In 1991, the Senate of the University entrusted Gábor Semjén, Senior Research Fellow with the direction of the Department in the capacity of Acting Department Head. In 1992 he received his permanent appointment as Department Head, in 1993 he became a habilitated professor and 1994 he was appointed Full Professor. As a Department Head, Gábor Semjén considered it very important to supply the undergraduates, in addition to the oral lectures, also with written materials. Therefore, with his co-authors he wrote and, following the recent advances of science, revised and updated the practical lecture notes ‘Veterinary Pharmacology Volumes I and II’, ‘Prescription of Veterinary Medicines’ and ‘Veterinary Pharmacology Practices’. The ‘Veterinary Vademecum’ (1993), the 3rd edition of ‘Formulae Normales Veterinariae’ (1999) and ‘VetIndex 2005’ were published under his guidance and with his contributions. In order to expand the research projects pursued at the Department and to increase its scientific recognition, Gábor Semjén established the GLP Laboratory and Animal House Unit. His scientific activity was focused on pharmacological and toxicological research, and he paid particular attention to studying the effects and efficacy of different antibacterial active compounds and to surveying the antibiotic resistance situation in Hungary. His prolific literary activity is hallmarked by more than 110 scientific papers published in Hungarian and international journals. In the period between 1997 and 2007, he acted as Vice-Rector for Education and then as Deputy Dean.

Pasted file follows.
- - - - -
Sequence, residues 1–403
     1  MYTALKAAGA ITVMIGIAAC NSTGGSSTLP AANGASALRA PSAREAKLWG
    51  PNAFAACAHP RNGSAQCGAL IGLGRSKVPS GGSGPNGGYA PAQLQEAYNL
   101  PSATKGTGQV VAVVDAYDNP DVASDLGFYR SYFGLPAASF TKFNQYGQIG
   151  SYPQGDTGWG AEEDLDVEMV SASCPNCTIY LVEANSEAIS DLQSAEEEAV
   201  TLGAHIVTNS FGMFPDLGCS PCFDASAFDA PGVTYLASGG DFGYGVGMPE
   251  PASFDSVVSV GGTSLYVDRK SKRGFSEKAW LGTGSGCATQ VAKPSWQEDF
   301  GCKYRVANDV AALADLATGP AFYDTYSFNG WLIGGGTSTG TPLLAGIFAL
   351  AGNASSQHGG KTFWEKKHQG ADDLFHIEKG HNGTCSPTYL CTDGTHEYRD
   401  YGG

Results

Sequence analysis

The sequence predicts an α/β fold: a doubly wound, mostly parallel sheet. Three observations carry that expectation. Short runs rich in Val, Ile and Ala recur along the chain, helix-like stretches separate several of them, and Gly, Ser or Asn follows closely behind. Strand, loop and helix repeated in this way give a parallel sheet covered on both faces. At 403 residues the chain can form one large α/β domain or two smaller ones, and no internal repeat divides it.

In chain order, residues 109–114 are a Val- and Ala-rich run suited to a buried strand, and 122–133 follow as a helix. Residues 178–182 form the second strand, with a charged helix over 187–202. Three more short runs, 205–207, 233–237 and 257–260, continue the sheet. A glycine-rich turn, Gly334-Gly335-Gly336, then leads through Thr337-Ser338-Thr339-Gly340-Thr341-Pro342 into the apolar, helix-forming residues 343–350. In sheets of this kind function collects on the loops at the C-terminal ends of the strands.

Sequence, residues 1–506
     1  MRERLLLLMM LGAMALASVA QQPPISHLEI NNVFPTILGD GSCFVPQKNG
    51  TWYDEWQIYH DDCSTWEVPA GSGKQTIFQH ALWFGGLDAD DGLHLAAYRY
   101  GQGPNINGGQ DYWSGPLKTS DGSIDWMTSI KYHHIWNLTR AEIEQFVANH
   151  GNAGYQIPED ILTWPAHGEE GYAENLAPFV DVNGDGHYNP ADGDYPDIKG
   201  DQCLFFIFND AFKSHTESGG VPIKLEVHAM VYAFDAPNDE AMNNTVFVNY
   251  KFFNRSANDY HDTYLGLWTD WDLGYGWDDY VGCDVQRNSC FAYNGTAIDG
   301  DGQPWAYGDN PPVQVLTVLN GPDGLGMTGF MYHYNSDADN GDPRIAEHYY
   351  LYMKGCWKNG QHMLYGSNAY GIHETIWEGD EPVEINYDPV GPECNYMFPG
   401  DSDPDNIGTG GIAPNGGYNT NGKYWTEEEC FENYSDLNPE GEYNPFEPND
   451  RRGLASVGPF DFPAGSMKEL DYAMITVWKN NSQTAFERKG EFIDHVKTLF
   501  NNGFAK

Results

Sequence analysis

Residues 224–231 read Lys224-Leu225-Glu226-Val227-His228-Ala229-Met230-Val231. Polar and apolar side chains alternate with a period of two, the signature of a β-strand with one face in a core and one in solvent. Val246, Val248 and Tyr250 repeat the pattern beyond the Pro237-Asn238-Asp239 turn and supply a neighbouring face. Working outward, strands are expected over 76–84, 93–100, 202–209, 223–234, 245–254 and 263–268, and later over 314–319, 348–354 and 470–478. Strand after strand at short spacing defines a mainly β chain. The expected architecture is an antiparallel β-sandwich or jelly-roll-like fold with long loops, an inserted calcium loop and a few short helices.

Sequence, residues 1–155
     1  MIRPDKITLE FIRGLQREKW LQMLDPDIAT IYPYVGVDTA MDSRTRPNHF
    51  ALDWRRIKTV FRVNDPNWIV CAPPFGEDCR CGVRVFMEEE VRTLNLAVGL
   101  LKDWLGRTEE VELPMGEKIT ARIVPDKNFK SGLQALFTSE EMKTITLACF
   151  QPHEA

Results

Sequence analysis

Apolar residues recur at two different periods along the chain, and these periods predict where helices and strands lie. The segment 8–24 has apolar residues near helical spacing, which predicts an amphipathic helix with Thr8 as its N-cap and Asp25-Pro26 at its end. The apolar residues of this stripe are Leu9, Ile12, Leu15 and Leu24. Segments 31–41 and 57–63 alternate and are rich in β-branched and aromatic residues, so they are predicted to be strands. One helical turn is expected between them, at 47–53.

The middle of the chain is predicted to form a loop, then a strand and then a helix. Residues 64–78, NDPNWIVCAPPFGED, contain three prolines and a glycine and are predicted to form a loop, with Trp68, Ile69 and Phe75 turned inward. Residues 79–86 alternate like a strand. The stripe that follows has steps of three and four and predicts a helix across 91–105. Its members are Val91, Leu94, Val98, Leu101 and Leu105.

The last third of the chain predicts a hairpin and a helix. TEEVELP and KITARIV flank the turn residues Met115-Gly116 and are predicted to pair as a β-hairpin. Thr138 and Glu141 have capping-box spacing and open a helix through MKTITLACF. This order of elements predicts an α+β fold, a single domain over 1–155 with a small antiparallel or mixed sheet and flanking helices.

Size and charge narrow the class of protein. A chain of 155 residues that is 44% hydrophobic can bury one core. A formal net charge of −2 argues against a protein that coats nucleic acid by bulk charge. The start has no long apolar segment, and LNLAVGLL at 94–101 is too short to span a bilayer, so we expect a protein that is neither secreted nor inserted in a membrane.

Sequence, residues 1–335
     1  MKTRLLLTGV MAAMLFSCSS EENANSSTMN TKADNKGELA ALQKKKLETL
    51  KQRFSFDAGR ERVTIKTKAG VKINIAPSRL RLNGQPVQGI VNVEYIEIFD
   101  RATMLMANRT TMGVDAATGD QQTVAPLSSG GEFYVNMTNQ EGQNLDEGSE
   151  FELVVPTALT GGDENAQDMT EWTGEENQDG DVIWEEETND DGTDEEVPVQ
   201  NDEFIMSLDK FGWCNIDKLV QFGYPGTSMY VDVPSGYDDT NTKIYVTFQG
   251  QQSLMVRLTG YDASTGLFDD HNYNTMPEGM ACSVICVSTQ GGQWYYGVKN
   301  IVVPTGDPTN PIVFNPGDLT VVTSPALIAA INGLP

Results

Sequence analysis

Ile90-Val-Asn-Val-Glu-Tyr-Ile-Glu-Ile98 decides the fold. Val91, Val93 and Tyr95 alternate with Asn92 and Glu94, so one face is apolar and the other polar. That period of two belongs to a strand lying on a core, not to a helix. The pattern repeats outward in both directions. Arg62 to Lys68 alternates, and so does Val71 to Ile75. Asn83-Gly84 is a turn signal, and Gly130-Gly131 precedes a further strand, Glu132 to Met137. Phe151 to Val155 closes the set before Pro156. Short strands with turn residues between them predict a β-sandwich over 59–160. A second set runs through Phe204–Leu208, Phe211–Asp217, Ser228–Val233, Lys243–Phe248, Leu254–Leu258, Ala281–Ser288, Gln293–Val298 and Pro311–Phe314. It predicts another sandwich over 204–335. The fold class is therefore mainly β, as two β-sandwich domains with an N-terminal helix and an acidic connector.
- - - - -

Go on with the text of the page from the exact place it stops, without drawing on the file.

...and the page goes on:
After Gábor Semjén’s retirement in 2007, Professor Péter Gálfi took over the post of Department Head. Together with his co-workers, Péter Gálfi published and personally edited the textbooks Veterinary Pharmacology Volume I (2010), Volume II (2011) and Volume III (2012). At present, veterinary pharmacology and veterinary toxicology are taught at the Department as main compulsory subjects. Optional subjects include pharmacotherapy, adverse effects, and alternative veterinary medicine. The research activity of the Department is closely linked with the disciplines of applied pharmacology and toxicology, and encompasses the following fields: molecular aspects of pharmacology; alternatives to the use of antibiotics; study of prebiotics and probiotics; pharmacokinetic and drug metabolism studies in vivo (in animal experiments) and in vitro (in cell cultures); target animal safety and efficacy tests of new medicines; acute and subacute toxicology tests on laboratory animals; study of the development and spread of bacterial resistance to antibiotics. In vitro studies in cell cultures constitute an important field of research activity conducted at the Department, as these models are suitable for replacing some of the live animal experiments. We study the effect of medicines on the transcription of cytochrome P450 enzymes using primary hepatocyte cultures, and the possible protective effect of certain probiotic microbes and their metabolic products in inflammatory processes caused by oxidative stress using porcine intestinal epithelial cell cultures. The objective of further research is to establish a co-culture cell model consisting of differentiated porcine intestinal epithelial cells (IPEC-J2) and primary hepatocytes. We wish to use this model for studying the effect of microbial lipopolysaccharides (LPS) and reactive oxygen compounds on inflammatory mediators produced by epithelial cells and on the activity of cytochrome P450 enzymes that play a key role in the metabolism of xenobiotics and medicines by hepatocytes. In harmony with the teaching principles of the Department, the undergraduates closely co-operate with the Department’s staff in the research activities.